FIG. 10 shows the low coherence interferometer already shown in FIG. 1, where a beam splitter 514 and a reflective base element 515, are added to the probe head 516. The reflective base element 515 is located closer to the beam splitter 514, than the specimen 507. When the reference mirror 511 moves from the right to the left (as shown in the Figure), the interferometer first comes to the condition when the optical path in the reference arm 508 becomes equal to the path to the reflective base element 515, and one can see the first interference peak 512 on a light detector 502, then it comes to the condition when the optical path in the reference arm 508 becomes equal to the path to the specimen 507, and one can see the second interference peak 513 on a light detector 503. By measuring the distance between the two said positions of the reference mirror 511, the position of the specimen surface, relative to the position of the reflective base element, is measured. The peaks 512, 513 structure is same as shown in FIGS. 6,7, and 9. Peaks 512, 513 are shown as a light intensity vs the position of the reference mirror 511.

FIG. 11 shows two Michelson interferometers 5, as shown in FIG. 5, one having its probe head 3, in proximity to one surface of the specimen 1, the other having its probe head in proximity to the other surface of the specimen.

In order to eliminate the influence of the thermal drift of the length of the optical path in fiber, the optical head is redesigned in such way as to introduce the additional reflective base element residing in the signal arm of the interferometer as discussed in FIGS. 2, 3, 4, and 5. The interferometer in this configuration is measuring the interference features resulting from the reflection from the reflective base element and reflections from the surface of the sample. A typical interferogram for such a measurement (in this particular case we used the configuration shown in FIG. 5) is shown in FIG. 9. The interferogram reveals two features, one corresponding to reflection from the reflective base element and a second feature corresponding to the reflection from the sample surface. The absolute position of each of these two features is subject to thermal drift due to changes of the refractive index in the optical fibers. The difference between the positions of these two features does not depend on drift of the optical path in fibers; both features suffer the same drift. The measurements using this configuration demonstrated that thermal drift was reduced to below 0.6 μm in 10 minutes interval.

Patent Citations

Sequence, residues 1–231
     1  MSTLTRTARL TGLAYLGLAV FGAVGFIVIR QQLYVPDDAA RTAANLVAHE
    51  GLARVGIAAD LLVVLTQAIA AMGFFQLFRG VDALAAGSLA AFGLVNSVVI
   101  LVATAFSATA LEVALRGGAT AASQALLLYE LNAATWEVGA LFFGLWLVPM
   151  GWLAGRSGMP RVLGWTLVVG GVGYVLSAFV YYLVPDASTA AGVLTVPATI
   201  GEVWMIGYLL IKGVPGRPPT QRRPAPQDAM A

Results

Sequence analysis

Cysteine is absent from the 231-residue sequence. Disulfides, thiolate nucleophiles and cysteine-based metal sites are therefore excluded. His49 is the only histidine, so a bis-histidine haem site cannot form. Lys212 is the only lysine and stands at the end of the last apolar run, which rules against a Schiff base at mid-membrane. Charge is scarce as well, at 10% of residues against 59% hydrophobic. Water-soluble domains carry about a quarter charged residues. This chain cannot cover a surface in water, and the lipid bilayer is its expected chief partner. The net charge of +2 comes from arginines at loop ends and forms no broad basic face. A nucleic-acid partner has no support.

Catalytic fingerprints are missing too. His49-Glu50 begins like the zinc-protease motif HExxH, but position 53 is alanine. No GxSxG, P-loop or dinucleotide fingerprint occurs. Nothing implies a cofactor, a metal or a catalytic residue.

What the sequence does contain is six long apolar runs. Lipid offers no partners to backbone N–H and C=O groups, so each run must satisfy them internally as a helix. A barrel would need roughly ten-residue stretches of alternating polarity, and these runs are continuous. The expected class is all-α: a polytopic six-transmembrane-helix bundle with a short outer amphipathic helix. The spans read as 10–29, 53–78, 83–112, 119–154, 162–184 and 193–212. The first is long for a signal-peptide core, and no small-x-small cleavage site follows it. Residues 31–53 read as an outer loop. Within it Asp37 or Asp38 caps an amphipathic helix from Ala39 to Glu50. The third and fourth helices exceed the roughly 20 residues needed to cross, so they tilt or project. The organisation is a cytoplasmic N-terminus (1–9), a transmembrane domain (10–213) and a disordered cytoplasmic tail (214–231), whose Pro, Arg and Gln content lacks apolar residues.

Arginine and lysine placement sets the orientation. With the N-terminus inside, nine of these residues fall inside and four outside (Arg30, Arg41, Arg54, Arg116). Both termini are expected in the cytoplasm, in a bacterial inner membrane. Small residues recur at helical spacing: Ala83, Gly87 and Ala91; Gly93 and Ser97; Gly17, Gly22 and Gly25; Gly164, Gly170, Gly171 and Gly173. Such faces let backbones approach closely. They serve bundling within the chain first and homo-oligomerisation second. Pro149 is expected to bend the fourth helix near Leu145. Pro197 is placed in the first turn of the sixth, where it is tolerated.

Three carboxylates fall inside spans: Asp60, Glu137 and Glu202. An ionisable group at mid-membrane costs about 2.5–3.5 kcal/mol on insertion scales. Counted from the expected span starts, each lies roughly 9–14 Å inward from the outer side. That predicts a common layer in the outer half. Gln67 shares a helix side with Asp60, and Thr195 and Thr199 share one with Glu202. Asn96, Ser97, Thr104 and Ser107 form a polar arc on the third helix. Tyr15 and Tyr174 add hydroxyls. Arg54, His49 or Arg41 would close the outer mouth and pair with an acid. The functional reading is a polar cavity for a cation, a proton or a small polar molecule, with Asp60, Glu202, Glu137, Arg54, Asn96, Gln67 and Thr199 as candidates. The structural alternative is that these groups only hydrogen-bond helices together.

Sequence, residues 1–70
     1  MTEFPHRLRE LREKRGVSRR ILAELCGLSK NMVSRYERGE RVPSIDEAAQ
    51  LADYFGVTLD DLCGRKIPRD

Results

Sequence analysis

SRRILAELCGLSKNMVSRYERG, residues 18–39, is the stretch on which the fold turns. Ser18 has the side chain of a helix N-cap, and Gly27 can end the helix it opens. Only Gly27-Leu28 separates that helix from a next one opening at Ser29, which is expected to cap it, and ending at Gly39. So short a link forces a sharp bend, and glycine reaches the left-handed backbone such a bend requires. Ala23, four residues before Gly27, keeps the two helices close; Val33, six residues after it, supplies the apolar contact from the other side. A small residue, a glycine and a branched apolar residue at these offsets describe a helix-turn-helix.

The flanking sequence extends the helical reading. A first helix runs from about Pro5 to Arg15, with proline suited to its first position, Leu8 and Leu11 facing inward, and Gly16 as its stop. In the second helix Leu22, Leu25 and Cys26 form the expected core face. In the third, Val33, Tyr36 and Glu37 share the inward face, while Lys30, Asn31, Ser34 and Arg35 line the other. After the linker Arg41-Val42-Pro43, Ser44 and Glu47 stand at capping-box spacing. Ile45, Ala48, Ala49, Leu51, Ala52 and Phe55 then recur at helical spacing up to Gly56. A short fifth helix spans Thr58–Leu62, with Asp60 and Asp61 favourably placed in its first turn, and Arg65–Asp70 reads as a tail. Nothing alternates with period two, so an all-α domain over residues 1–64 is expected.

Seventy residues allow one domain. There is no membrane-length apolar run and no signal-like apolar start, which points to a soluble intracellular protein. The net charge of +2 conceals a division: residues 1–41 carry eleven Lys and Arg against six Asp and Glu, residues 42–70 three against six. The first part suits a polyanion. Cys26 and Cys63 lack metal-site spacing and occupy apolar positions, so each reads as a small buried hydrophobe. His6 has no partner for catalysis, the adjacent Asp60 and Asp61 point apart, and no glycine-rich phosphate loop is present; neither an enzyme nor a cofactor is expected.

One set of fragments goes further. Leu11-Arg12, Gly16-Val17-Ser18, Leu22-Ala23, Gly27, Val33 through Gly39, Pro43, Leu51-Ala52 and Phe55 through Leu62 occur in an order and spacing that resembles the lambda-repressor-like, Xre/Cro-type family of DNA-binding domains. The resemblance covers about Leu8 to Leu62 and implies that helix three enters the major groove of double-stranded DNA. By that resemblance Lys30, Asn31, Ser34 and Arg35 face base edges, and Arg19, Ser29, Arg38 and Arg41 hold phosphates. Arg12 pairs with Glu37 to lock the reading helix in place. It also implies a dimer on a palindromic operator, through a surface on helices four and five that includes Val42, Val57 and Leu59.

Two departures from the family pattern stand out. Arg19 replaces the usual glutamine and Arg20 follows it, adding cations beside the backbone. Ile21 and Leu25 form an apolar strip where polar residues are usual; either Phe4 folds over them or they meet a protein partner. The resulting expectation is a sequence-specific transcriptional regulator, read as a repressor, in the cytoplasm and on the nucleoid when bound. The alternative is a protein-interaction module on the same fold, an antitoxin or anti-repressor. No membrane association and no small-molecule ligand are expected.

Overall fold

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US4627731 *Sep 3, 1985Dec 9, 1986United Technologies CorporationCommon optical path interferometric gauge
US5325177 *Oct 29, 1992Jun 28, 1994Environmental Research Institute Of MichiganOptical, interferometric hole gauge
US5642196 *Aug 28, 1995Jun 24, 1997Hewlett-Packard CompanyMethod and apparatus for measuring the thickness of a film using low coherence reflectometry
US5781295 *Aug 8, 1996Jul 14, 1998Carl Zeiss Jena GmbhInterferometer for absolute distance measurement
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Referenced by
Citing PatentFiling datePublication dateApplicantTitle
US9518932 *Oct 17, 2014Dec 13, 2016Kla-Tencor Corp.Metrology optimized inspection
US20150124247 *Oct 17, 2014May 7, 2015Kla-Tencor CorporationMetrology Optimized Inspection
Classifications
U.S. Classification356/479, 356/482
International ClassificationG01B9/02
Cooperative ClassificationG01B9/02065, G01B9/02021, G01B9/0209, G01B2290/70, G01B9/02027
European ClassificationG01B9/02
Legal Events
DateCodeEventDescription
Nov 24, 2004ASAssignment
Owner name: AHBEE 2, LP, A CALIFORNIA LIMITED PARTNERSHIP, CAL
Free format text: ASSIGNMENT OF ASSIGNORS INTEREST;ASSIGNORS:WALECKI, WOJCIECH;VAN PHUC;REEL/FRAME:016028/0489
Effective date: 20041123
Oct 22, 2012REMIMaintenance fee reminder mailed
Mar 10, 2013REINReinstatement after maintenance fee payment confirmed
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Apr 30, 2013FPExpired due to failure to pay maintenance fee
Effective date: 20130310
Dec 2, 2014ASAssignment
Owner name: APPLEJACK 199, L.P., CALIFORNIA
Free format text: ASSIGNMENT OF ASSIGNORS INTEREST;ASSIGNOR:AHBEE 2, L.P.;REEL/FRAME:034309/0428
Effective date: 20141117